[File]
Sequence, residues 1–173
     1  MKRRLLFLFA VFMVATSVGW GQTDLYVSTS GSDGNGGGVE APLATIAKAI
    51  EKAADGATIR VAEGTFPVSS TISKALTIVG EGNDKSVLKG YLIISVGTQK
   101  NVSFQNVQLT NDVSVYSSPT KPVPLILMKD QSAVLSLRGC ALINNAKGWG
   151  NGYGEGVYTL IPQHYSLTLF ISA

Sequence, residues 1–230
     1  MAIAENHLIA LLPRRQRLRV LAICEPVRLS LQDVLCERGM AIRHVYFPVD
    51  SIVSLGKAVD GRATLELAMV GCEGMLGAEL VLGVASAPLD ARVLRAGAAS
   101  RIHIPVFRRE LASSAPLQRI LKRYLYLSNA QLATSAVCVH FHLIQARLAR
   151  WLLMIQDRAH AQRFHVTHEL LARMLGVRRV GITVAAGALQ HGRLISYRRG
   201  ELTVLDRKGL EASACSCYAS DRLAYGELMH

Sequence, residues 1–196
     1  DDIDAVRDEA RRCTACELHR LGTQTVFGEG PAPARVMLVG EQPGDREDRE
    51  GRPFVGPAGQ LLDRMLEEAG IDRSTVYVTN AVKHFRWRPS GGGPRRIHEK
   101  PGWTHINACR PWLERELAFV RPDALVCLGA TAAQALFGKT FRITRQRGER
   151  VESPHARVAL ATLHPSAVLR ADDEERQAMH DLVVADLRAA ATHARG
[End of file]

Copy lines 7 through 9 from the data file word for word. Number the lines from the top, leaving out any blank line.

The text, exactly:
     1  MAIAENHLIA LLPRRQRLRV LAICEPVRLS LQDVLCERGM AIRHVYFPVD
    51  SIVSLGKAVD GRATLELAMV GCEGMLGAEL VLGVASAPLD ARVLRAGAAS
   101  RIHIPVFRRE LASSAPLQRI LKRYLYLSNA QLATSAVCVH FHLIQARLAR